Hild by Nicola Griffith


I was expecting this to be about nuns at Whitby Abbey. Instead, it involved the future St Hild having a passionate affair with her maidservant and then making an incestuous marriage to her illegitimate half-brother.  So it would be fair to say that it was a lot more exciting than I was anticipating!   Apparently it’s intended to be the first of a trilogy, though, so the nuns at Whitby Abbey will presumably materialise in the second and third books.

Novels about the Dark Ages are hugely problematic, because we just don’t know very much about what went on. They often become more fantasy than history, which is understandable, but, from a historian’s viewpoint, very frustrating.  They often involve Vikings, presumably because most readers are going to be familiar with the Vikings, even if that entails a totally inaccurate image involving horned helmets et al 😉 .  And they usually focus on male warriors.

This book doesn’t do any of those things. There is a sense of fantasy, but I think that’s inevitable when writing about people about whom so little is known.  There is an element of the supernatural, with the idea of Hild as the king’s “seer”, but that was part and parcel of the culture – and, when you think about it, it’s no more fantasy than the beliefs of today’s organised religions, just less familiar.  And a lot of what people imagine to be the product of Hild’s imaginary powers is actually information that she’s cleverly found out by keeping her ear to the ground and sending people out to find out what’s going on.  There are no Vikings – the raid on Lindisfarne wasn’t until 793AD, and this was set in the 610s, 620s and 630s.  Don’t get me wrong, I like Vikings, but I was looking for Anglo-Saxons and Celts!   And much of the focus is on women – Hild herself, her mother, her sister, various other royal women, and their female friends and servants.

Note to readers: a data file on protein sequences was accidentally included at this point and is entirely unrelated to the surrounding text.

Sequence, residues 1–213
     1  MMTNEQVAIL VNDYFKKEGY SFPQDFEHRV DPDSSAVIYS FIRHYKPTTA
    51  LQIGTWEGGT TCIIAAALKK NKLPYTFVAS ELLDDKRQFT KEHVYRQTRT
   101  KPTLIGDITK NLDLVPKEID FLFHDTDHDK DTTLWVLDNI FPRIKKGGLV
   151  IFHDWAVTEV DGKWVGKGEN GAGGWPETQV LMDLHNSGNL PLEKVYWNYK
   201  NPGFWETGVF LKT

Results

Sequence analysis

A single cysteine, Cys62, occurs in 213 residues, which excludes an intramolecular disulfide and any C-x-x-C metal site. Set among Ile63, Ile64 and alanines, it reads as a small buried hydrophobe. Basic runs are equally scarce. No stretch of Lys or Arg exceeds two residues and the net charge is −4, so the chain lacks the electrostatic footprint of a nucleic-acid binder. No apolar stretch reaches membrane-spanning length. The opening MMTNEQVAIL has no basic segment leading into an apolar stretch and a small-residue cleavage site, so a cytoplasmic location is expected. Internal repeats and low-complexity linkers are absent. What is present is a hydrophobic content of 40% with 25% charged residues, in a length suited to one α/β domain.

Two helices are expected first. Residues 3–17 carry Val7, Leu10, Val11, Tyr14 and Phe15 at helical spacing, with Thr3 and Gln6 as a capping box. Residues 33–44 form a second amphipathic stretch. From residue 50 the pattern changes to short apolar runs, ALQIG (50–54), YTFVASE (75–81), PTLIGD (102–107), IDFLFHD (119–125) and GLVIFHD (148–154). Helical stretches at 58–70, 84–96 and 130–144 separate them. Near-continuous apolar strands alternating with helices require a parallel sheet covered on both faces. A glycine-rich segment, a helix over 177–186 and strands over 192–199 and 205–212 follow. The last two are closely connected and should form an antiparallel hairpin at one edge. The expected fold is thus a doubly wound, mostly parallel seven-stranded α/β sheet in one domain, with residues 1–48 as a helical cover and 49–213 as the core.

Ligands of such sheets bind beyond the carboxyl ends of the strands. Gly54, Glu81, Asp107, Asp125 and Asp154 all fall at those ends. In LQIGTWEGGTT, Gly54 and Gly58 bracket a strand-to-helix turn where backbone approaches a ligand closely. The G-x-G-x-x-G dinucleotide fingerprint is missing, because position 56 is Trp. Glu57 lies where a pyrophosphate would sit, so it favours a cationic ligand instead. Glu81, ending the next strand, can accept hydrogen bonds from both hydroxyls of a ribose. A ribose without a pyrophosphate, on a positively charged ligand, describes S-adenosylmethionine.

Nicola Griffith is very keen on the concept of the “gemaecce” or “gemaecca” – a formal friendship between two women who are not blood relatives or romantic partners but who live and work together. It sounds fascinating, and it would be great to write a long essay on the role of female friendships in literature, but, although the word is real, she made the concept up.  She says that she “repurposed” the term.  “Repurposed” sounds like something that an American politician would say, but never mind!   Most of what’s in the book is invented, but it has to be, because we just don’t know very much about Hild’s life, and we don’t know nearly as much about the events and lifestyles of the time as we do about, say, the Tudor period.  “I made it up,” she says in the afterword.  Well, our Yorkshire neighbours are supposed to be blunt!